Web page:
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Demographic Impacts

Perhaps the single most important factor impacting the food service industry is the changing composition of the American household and lifestyle. Unlike the traditional nuclear family with a working father, homemaker mother and several children, it is now common to find single-adult, two-working-adult or single-parent households. Today's household is also more affluent than past generations with both adults and teenagers possessing greater spending power. Additionally, busier lifestyles leave less time for the job of meal preparation and the highly structured dinner occasions of past years.

This is good news for the food service industry, which is enjoying an unprecedented increase in the number of people eating out and significant growth in sales-from $42.8 billion in 1970 to an estimated $475.8 billion in 2005. Eating take-out at home or on-the-run is becoming the norm. Food service operators will be challenged to deliver convenience-meals that are easy to order, easy to eat on the go, and easy to clean up. A newer entry to the food service industry is the operation that specializes in take-out food. Known as home-meal replacement (HMR), these food service facilities have cropped up as personal chefs or in grocery stores.

Although overall population numbers and food consumption are expected to increase, changing demographics will change the face of the food service industry in several ways. The aging baby boomers will contribute to an older population and greater number of retirees. Older people are generally more concerned with health issues, eat out less often and generally eat less. Additionally, the Mexican and Asian populations are expected to grow at a faster pace than other segments. Restaurants will respond to these changes with different menu offerings that may require new technologies and types of equipment. Also larger retiree and immigrant populations open up a worker base previously not available to restaurant operators.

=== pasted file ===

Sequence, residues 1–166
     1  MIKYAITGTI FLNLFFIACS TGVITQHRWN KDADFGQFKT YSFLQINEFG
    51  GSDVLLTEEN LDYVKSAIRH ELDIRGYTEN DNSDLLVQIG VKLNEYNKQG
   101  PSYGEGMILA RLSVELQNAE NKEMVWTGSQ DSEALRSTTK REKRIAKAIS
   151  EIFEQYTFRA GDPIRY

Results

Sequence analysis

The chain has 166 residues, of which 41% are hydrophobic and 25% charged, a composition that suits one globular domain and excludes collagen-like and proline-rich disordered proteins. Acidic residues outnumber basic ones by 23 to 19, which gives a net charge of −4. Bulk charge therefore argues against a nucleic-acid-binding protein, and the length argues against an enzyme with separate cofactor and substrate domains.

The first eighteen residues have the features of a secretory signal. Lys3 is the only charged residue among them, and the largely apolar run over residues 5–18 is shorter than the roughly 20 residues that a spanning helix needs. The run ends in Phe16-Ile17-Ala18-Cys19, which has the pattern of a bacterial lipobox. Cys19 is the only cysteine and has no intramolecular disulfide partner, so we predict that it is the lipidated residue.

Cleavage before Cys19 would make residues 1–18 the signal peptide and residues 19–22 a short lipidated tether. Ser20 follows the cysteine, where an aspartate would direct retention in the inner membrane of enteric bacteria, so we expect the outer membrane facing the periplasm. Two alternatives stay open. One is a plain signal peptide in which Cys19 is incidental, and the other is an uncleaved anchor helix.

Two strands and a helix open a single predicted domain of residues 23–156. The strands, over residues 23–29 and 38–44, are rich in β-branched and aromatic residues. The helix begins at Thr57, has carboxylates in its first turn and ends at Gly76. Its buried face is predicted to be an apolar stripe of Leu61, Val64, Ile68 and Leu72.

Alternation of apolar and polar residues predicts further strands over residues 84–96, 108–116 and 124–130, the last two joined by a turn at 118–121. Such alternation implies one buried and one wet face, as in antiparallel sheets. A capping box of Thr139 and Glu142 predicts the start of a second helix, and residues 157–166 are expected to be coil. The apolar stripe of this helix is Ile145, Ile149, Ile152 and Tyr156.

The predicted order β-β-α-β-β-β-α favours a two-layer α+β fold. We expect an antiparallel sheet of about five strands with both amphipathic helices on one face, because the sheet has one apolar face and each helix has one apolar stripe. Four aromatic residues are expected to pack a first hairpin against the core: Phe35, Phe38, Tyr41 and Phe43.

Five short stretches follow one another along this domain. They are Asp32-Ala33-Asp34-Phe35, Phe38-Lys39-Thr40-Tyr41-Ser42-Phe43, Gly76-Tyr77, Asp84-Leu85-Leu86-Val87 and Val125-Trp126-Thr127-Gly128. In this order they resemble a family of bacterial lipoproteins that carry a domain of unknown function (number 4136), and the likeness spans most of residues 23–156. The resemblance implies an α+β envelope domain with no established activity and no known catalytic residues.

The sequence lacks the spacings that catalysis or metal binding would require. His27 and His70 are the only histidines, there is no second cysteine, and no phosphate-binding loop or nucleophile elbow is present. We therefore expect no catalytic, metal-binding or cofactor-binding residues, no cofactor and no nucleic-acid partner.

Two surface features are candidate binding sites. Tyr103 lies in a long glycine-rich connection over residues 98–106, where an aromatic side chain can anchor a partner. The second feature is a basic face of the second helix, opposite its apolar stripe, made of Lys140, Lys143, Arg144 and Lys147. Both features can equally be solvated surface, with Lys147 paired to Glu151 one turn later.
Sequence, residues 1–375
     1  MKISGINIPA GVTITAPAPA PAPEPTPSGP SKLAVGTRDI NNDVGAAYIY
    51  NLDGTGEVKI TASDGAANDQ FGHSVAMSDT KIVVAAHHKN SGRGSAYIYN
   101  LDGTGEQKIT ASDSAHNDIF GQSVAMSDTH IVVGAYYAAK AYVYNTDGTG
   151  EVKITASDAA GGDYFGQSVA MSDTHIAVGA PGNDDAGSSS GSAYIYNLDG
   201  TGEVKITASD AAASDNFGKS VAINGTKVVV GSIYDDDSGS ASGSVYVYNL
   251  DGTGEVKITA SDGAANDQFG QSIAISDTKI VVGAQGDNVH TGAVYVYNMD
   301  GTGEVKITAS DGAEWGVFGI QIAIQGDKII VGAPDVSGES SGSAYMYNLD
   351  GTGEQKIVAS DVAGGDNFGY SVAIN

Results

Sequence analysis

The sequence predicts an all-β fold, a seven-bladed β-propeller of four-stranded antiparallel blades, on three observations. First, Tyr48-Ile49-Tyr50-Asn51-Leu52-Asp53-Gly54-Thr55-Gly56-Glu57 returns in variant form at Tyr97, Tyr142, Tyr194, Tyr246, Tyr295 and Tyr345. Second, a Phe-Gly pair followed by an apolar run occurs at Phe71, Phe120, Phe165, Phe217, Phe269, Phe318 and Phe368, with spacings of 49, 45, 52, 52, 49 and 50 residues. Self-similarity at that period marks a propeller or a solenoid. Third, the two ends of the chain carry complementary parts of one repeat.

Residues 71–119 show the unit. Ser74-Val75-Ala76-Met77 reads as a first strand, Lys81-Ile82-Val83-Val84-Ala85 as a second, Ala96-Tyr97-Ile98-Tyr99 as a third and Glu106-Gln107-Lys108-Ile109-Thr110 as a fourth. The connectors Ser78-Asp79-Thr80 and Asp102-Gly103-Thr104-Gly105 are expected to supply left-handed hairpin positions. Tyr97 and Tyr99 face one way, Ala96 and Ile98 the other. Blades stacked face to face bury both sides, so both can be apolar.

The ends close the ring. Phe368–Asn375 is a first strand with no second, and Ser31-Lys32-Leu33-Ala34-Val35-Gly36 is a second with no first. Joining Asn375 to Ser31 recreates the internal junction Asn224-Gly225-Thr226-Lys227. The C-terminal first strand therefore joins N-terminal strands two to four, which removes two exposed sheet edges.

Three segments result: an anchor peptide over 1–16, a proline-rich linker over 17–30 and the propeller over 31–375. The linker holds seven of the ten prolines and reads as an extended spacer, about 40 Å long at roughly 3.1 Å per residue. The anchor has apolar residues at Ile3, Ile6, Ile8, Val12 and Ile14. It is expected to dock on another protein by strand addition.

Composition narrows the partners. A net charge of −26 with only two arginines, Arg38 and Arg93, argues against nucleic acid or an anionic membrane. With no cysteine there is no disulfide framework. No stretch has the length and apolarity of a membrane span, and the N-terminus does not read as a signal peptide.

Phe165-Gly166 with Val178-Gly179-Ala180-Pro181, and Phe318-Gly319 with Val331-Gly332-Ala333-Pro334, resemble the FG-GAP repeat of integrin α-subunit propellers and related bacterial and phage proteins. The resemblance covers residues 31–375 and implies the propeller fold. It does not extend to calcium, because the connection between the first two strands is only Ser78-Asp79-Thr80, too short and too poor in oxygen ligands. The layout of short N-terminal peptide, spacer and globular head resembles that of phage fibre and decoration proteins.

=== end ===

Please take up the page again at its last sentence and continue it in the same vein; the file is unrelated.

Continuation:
A concern for food service providers is the rising rate of obesity among Americans. One source suggests that if the trend continues, approximately three-fourths of American adults could weigh too much by the end of the decade. Some critics want to blame school lunch programs for the development of unhealthy eating patterns and the food service industry in general for contributing to the rise of chronic diseases associated with obesity. It is possible that some companies could face litigation and the industry could be subjected to government regulation.